Learners and users – Who do we want corpus data from?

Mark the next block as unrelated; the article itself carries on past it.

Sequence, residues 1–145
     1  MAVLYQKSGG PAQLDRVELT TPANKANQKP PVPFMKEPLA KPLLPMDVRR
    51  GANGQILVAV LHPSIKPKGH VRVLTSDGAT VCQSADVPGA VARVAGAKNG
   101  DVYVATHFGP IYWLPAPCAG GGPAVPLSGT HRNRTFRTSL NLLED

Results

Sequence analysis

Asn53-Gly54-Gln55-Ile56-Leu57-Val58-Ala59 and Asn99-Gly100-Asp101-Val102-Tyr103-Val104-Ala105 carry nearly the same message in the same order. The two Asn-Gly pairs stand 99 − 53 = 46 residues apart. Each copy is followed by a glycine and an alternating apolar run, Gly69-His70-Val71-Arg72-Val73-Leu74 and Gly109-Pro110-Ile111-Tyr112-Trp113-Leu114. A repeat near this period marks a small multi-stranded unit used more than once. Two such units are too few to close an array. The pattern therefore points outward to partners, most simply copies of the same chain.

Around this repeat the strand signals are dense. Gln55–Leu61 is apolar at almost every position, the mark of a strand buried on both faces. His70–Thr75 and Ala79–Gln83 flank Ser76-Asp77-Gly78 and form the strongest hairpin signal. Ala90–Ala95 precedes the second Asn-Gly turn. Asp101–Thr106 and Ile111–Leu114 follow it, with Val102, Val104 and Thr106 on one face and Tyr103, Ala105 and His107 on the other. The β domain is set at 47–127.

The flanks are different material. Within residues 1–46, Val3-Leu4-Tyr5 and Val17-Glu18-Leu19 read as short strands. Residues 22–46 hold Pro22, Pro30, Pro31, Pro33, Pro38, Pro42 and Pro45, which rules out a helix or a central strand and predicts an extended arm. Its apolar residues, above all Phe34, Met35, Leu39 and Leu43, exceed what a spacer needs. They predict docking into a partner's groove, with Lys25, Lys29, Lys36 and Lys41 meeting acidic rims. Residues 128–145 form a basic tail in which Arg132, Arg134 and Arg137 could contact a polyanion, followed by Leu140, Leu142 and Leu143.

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Learner corpora and lingua franca corpora differ in important ways in social and interactional aspects. Yet in the cognitive domain of language processing they have much in common, as reflected in lexicogrammatical and phraseological features. They can therefore be seen as complementary takes on second language research. We can expect advanced second/foreign language learners to show similar linguistic features to lingua franca speakers, and supporting evidence is accumulating. This paper suggests that although some features in an English as a lingua franca (ELF) corpus can be explained on cognitive principles similar to those likely to operate in learners, such as economy of effort, others cannot. For instance the common use of not quite native-like phraseological units requires a use-based rather than learning-based explanation. On the whole, the major differences between learner and ELF corpora make it necessary to keep them separate. At the same time, both can contribute results of considerable mutual interest.


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